Gatlin gate­crashes Bolt’s 100 me­tre farewell party

Kuwait Times - - SPORTS -

Amer­i­can veteran Justin Gatlin was booed after he stunned Usain Bolt to win the 100m world ti­tle in Lon­don on Satur­day and rain on the Ja­maican’s farewell race in the blue riband event. Gatlin, who has served two dop­ing bans and won sil­vers be­hind Bolt at the last two world cham­pi­onships, clocked 9.92 sec­onds, with team­mate Chris­tian Coleman win­ning sil­ver in 9.94sec.

Bolt suf­fered a dread­ful start and could only claim bronze in 9.95sec. “I’m sorry I couldn’t end it on a win­ning note, but I want to thank you for your sup­port,” said Bolt, who em­braced Gatlin after they streaked through the line with no clear vic­tor im­me­di­ately ap­par­ent.

“It’s been a won­der­ful ex­pe­ri­ence as al­ways.” Gatlin was af­forded the same rough re­cep­tion as he had in the heats and semi-fi­nals, loud boos and jeer­ing ring­ing around the same sta­dium where in 2012 his ri­valry with Bolt was pre­sented as ‘good against evil’, given the Amer­i­can’s dop­ing-tainted past.

“I tuned it out (the boos) through the rounds and stayed the course,” said Gatlin. “I did what I had to do. The peo­ple who love me are here cheer­ing for me and cheer­ing at home. “It is Bolt’s last race. I have had many vic­to­ries and many de­feats down the years. It is an amaz­ing oc­ca­sion. We are ri­vals on the track but in the warm-down area we joke and have a good time.” The jeer­ing did in­deed con­tinue un­abated after it be­came clear Gatlin, a sprinter whose past di­vides track and field, had gate­crashed Bolt’s party.

Gatlin ini­tially put his fin­ger to his pursed lips as if to hush the crowd, be­fore drop­ping to his knees to bow down to Bolt. “The first thing he did was con­grat­u­late me and say that I didn’t de­serve the boos. He is an in­spi­ra­tion,” Gatlin said of Bolt. Coleman added: “It was an his­toric mo­ment for me to beat Bolt who has taken this sport to an­other level and who I watched as I grew up. A hum­bling ex­pe­ri­ence.

“I’m de­lighted for Justin as we have bonded and be­come close. I was im­pressed by the way he han­dled the pres­sure and the crowd.” Gatlin has form as the last man to beat Bolt over 100m-by a hun­dredth of a sec­ond in Rome in 2013 — and at the age of 35, can still pro­duce the goods, some­thing he has in the past iron­i­cally cred­ited with his four years of forced ex­ile from the track.

The evening was all sup­posed to be about the 30year-old Bolt claim­ing a re­mark­able 12th world gold to add to his eight Olympic golds in what has been a glit­ter­ing ca­reer. And what a gap­ing hole his ab­sence will leave, no mat­ter how brave a face track and field’s gov­ern­ing body the IAAF try to put on it. Of his 19 global golds, 13 have come in in­di­vid­ual events and al­lied with a charis­matic per­son­al­ity, it has guar­an­teed Bolt recog­ni­tion as one of the world’s most suc­cess­ful sports­men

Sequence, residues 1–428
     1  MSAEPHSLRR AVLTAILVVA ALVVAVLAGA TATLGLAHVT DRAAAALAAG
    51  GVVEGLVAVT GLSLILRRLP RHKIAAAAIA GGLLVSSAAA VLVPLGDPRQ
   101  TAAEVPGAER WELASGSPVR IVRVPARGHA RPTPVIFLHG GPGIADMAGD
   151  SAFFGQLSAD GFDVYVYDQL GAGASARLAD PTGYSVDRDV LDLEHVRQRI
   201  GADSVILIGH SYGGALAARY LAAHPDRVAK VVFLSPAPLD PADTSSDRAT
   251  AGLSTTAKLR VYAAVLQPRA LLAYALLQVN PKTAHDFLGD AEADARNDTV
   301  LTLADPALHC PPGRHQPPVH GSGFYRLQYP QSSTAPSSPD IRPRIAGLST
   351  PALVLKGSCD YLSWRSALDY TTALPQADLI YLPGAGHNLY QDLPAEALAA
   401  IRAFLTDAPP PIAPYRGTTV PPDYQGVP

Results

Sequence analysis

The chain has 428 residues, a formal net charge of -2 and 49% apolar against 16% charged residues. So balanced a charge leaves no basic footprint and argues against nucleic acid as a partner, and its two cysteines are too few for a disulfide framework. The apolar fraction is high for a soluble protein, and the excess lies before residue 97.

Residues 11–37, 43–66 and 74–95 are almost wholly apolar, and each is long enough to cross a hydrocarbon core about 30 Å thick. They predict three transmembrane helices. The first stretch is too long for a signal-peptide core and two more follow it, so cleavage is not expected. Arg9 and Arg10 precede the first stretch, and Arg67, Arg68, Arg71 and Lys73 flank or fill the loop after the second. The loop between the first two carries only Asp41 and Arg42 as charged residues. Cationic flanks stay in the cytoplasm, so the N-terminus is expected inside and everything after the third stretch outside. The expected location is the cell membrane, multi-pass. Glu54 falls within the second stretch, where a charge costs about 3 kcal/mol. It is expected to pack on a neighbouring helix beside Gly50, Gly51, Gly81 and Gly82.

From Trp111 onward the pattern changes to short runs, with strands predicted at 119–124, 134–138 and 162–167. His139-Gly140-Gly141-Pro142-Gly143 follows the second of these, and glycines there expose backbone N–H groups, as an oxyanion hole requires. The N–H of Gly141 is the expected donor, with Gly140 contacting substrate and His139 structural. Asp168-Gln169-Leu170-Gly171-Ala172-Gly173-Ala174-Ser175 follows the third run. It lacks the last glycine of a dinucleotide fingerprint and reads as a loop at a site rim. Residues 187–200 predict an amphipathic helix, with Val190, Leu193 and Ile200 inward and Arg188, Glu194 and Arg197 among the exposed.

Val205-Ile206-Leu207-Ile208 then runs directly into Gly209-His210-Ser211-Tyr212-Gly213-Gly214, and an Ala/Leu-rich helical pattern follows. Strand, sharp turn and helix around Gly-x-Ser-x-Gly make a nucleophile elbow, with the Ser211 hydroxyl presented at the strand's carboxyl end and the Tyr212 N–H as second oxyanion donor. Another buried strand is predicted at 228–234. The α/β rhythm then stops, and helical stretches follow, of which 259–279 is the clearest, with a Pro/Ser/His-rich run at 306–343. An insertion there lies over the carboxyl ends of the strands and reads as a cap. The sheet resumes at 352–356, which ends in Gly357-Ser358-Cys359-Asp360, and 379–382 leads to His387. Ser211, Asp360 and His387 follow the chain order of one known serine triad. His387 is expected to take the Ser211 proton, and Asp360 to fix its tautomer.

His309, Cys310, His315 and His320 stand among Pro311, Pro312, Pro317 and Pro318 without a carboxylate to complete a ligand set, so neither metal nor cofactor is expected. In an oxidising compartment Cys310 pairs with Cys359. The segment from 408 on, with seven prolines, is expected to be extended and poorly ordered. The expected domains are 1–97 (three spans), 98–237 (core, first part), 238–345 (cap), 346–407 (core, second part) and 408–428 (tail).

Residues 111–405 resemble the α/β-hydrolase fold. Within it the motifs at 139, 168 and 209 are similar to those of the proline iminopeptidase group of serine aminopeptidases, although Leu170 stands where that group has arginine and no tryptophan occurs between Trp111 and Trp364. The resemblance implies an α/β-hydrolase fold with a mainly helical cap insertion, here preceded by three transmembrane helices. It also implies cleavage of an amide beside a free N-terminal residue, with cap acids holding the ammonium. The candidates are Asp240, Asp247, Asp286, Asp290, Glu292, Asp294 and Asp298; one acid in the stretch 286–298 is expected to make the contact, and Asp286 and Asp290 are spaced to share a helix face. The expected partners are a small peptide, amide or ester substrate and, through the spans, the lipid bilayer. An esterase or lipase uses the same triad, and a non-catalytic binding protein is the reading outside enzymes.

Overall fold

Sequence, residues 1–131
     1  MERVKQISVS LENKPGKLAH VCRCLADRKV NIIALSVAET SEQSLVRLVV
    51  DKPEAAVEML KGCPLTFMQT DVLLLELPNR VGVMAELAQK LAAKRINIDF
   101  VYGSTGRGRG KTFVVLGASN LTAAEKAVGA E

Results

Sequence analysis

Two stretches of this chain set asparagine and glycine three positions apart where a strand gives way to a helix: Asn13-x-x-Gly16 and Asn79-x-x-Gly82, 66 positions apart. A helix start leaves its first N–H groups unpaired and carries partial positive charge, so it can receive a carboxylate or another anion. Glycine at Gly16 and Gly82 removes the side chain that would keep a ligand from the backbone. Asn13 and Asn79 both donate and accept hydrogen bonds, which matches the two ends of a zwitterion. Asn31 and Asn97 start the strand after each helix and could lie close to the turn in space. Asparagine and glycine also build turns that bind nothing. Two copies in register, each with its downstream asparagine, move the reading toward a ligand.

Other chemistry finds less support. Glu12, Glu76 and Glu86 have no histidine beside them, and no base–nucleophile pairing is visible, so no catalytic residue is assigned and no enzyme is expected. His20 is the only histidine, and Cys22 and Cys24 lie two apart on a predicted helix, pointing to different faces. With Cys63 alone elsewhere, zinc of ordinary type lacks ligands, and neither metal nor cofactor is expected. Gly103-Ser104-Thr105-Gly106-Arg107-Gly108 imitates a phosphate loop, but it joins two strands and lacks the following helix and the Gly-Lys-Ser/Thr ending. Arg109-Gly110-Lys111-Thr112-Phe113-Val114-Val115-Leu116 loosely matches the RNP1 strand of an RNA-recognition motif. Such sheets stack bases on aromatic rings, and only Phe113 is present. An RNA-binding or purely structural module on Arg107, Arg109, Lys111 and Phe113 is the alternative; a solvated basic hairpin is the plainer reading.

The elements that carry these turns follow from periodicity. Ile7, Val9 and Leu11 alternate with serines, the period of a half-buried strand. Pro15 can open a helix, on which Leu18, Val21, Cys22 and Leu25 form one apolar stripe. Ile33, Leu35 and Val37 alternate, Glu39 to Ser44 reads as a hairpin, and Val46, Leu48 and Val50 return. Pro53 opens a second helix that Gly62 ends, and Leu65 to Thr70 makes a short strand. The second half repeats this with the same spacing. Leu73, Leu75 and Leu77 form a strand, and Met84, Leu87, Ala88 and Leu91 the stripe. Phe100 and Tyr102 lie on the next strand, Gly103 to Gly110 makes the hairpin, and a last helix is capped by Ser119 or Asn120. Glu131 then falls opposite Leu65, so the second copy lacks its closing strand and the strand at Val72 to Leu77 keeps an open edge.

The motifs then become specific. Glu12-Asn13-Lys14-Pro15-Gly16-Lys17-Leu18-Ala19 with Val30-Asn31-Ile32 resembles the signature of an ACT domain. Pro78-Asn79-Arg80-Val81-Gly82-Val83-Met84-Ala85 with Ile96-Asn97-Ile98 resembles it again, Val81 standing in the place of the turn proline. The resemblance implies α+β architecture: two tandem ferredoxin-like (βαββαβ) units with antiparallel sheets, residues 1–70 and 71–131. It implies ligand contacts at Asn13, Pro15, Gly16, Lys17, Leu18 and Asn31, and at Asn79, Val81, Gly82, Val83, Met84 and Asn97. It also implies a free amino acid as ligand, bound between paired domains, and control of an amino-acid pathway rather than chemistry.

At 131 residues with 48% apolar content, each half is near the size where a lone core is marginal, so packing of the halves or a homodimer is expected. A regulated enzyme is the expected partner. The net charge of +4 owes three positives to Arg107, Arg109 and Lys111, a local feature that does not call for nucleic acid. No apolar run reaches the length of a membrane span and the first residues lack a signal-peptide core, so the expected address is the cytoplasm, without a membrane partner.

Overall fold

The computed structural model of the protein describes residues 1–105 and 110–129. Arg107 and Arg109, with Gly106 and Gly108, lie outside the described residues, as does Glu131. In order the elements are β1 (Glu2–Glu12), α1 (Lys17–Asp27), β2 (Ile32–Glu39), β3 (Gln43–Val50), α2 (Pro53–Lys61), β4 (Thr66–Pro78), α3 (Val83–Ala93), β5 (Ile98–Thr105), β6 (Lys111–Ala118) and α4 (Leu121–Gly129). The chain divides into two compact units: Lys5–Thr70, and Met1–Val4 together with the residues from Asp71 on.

“It feels like most of Kingston is in Strat­ford tonight,” the sta­dium an­nouncer said of the wel­come af­forded Bolt in the eastern Lon­don sta­dium now home to West Ham United in the English Premier League. In tem­per­a­tures of 19 de­grees Cel­sius (68F), Bolt the show­man demon­strated ex­actly what athletics will miss when he bows out. The sell-out 60,000 crowd roared as he en­tered the sta­dium to do his fi­nal warm-up on the track.

Stripped to a vest and tight shorts in the black, green and yel­low of Ja­maica, chants of “Usain Bolt” rang around in a sur­pris­ingly tense at­mos­phere. Gatlin, on the other hand, was emo­tion­less as loud jeers wel­comed him. Start­ing in lane four, Bolt was in­cred­i­bly slow to re­act out of the blocks, the 100 and 200m world record holder be­hind Coleman in the lane out­side from the off.

The crowd, on their feet, roared, and so Bolt re­sponded as he has so many times be­fore. After 50 me­tres, he moved into his famed “drive phase”, head com­ing slowly up as part of the process that un­leashes the full power from his long legs. But it was not quite enough.

Teeth grit­ted and eyes glued on the big screen of the Trevor Brook­ing Stand, Bolt streaked through the fin­ish line but any fairy­tale in­di­vid­ual fin­ish to a star­tling ca­reer was dashed by Gatlin and young pretender Coleman. For the IAAF, could there have been a worse out­come?

Rus­sia re­mains banned from in­ter­na­tional com­pe­ti­tion over dop­ing and now their prized ath­lete, des­tined for some kind of fu­ture am­bas­sado­rial role within the body, bows out beaten by a two-time, largely un­re­pen­tant drugs cheat.


LON­DON: (L-R) Win­ner US ath­lete Justin Gatlin, Ja­maica’s Yo­han Blake, South Africa’s Akani Sim­bine, US ath­lete Chris­tian Coleman, Ja­maica’s Usain Bolt com­pete in the fi­nal of the men’s 100m athletics event at the 2017 IAAF World Cham­pi­onships at the Lon­don Sta­dium in Lon­don on Satur­day.

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